Adam Silver says NCAA scandal is “disconcerting to say the least”

Associated Press
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So far, the bribery scandal rocking NCAA men’s basketball has not directly touched the NBA. Yes, former NBA Rookie of the Year Chuck Person was one of the people arrested, and prominent NBA agent Andy Miller reportedly had his office raided by the FBI (one of the people arrested in the probe was a former employee of the firm, but he had been fired previously). Still, the scandal has not landed on the league’s doorstep. Yet.

At his press conference Thursday after the NBA owners meetings, Silver was asked about the scandal.

“But I would say both as a fan of college basketball and of course from my capacity as Commissioner of the NBA, it’s disconcerting to say the least, when you see those kind of charges being made.

“I think as I step back and look more at the larger basketball community, there are things that we’ve been doing over the last several years to become more involved in youth basketball… I would say I’ve watched sort of what’s been happening in college basketball, and maybe at the end of the day, it’s not so surprising that the incentives become skewed. The amount of money is astronomical in terms of what’s being generated by these programs, what’s at stake for these young players coming into the NBA.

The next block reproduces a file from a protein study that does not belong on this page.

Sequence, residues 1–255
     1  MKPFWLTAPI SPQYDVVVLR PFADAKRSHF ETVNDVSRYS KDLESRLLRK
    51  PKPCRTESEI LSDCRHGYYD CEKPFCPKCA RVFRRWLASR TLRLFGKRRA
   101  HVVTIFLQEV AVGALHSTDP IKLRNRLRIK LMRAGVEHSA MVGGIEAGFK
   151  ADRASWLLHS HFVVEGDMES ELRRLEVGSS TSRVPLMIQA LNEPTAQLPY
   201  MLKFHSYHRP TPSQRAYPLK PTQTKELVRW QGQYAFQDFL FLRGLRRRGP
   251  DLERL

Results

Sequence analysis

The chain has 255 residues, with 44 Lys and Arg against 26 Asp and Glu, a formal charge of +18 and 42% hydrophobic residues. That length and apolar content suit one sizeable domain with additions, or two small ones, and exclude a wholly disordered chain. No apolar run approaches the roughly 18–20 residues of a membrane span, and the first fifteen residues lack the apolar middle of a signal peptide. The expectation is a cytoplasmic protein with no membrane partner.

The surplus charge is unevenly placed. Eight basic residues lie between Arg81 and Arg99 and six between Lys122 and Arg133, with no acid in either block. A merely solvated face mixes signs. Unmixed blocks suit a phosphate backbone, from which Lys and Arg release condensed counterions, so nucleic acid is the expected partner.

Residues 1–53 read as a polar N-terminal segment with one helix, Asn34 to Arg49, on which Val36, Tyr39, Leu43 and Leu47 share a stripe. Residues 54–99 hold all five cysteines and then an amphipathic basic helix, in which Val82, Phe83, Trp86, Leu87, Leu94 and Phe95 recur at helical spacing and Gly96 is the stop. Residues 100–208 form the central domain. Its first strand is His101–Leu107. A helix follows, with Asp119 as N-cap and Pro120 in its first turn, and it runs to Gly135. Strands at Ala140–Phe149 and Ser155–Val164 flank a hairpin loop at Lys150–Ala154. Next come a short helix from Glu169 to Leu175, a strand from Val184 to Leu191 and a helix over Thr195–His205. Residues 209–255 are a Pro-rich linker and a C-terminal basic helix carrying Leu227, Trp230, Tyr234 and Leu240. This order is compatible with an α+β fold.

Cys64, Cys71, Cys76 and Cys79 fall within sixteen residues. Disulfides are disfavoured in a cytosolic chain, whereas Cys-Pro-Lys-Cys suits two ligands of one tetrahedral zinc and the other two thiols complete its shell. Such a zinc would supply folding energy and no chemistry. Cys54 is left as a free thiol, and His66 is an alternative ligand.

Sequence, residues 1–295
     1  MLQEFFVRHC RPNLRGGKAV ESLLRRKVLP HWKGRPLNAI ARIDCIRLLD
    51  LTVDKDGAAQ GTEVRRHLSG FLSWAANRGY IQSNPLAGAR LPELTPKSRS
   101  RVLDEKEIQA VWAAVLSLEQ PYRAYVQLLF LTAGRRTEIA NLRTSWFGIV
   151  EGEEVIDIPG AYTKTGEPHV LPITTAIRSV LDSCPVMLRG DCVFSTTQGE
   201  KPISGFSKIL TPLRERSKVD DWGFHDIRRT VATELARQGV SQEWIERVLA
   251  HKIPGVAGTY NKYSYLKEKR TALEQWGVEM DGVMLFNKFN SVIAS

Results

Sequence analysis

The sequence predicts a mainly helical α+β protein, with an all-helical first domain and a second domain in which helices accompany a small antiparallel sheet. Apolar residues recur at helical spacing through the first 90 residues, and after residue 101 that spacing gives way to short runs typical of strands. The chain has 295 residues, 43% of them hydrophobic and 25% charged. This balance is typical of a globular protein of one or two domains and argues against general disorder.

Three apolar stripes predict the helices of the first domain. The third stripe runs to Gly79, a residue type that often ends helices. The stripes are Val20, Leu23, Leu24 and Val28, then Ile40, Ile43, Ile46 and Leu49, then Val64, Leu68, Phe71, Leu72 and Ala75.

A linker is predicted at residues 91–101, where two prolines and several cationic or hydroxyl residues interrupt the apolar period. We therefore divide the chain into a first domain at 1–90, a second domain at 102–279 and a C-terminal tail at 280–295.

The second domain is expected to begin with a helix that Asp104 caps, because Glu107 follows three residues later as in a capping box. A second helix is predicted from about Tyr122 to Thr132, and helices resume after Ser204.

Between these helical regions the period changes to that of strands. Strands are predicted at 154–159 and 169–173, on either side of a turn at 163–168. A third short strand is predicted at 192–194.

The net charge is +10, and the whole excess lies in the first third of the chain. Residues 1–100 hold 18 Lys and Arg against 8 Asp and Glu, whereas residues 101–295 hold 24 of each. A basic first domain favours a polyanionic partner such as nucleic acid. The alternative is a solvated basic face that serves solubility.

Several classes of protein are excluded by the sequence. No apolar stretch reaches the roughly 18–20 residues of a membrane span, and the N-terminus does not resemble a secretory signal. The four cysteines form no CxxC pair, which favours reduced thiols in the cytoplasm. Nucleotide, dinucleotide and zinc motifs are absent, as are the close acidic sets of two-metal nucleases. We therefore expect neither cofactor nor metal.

“So, where historically it’s been an area, particularly AAU basketball, that the league has stayed out of, I think these most recent revelations are just a reminder that we’re part of this larger basketball community. I think ultimately, whether we like it or not, need to be more directly involved with elite youth basketball.”

Silver has said this before, that he wants the NBA to be part of, and maybe spearhead, changes in the youth basketball landscape. That sounds great, but changing how things work would be about as easy as changing the electoral college — it’s how things have been done for a long time and there are a lot of people profiting from it, people invested in the status quo.

The league may not do anything with this scandal, but the players’ union — which certifies agents — is taking a long hard look at it.